As US card fraud rises, firms increase security spending

As US card fraud rises, firms increase security spending

US credit card fraud increased last year despite efforts by firms to beef up their security, according to an Association for Financial Professionals (AFP) survey.

The poll of 5644 AFP members - sponsored by JP Morgan - reveals that 60% were exposed to actual or attempted payments fraud last year, down from 68% in 2011. However, 70% did not take a financial hit from their brush with crooks.

Cheque fraud continues to be the most prevalent type of payment fraud, accounting or 82% of incidents last year. Card fraud is a distant second at 43% but this is a big jump from 29% in 2012.

With card fraud in the news following the recent high-profile Target data breach, 63% of respondents say that they have either adopted additional security measures or are planning to do so in the near future.

Firms are taking a range of approaches, including secure signature stamps, electronic signatures, payment data stored with third-party vendors and increased layers of security.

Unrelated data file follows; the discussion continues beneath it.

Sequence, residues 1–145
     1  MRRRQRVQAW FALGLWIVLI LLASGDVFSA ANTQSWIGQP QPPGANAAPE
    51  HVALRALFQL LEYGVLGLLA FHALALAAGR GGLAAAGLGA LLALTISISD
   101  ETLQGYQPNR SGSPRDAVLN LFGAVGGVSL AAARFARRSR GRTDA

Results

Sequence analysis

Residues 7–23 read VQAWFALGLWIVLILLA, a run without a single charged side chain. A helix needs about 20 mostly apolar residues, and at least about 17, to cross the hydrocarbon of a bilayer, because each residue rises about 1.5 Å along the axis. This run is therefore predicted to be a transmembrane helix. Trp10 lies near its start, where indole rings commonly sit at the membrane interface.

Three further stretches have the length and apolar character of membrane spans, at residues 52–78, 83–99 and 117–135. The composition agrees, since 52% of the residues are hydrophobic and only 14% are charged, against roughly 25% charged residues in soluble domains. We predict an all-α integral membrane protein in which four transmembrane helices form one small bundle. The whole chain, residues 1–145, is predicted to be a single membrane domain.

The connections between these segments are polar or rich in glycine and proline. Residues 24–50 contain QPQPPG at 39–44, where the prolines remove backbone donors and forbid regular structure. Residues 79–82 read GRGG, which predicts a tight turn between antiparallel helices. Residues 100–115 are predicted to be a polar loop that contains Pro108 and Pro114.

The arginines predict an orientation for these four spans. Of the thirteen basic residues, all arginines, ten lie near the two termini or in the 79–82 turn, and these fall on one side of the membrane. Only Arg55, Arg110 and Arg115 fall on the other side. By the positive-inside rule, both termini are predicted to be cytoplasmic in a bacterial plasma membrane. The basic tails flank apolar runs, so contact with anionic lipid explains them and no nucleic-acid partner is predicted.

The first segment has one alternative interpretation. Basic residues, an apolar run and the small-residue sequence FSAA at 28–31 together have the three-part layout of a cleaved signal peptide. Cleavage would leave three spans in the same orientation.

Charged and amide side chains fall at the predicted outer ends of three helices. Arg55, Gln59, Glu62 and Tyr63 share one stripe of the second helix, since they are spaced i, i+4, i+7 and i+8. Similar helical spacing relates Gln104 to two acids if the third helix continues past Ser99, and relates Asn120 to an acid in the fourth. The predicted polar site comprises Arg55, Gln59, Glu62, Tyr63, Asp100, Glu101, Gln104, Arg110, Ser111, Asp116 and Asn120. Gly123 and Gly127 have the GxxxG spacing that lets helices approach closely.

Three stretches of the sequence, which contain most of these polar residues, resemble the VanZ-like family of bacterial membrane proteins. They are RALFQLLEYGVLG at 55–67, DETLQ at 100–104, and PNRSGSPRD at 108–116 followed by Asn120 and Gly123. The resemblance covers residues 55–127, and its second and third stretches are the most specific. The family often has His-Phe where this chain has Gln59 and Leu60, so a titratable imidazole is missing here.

Yet just 22% think that this investment will have a significant impact on fraud prevention, with half thinking that it will do some good.

Jim Kaitz, CEO, AFP, says: "Criminals will try to stay a step ahead. But with potential liability increasing for merchants, companies are taking a hard look at where their own vulnerabilities lie. This is especially important for big companies with complex systems, which are frequent targets for fraud."

Comments: (1)

A Finextra member
A Finextra member 04 April, 2014, 12:29Be the first to give this comment the thumbs up 0 likes

The need colonic irrigation, not extra security...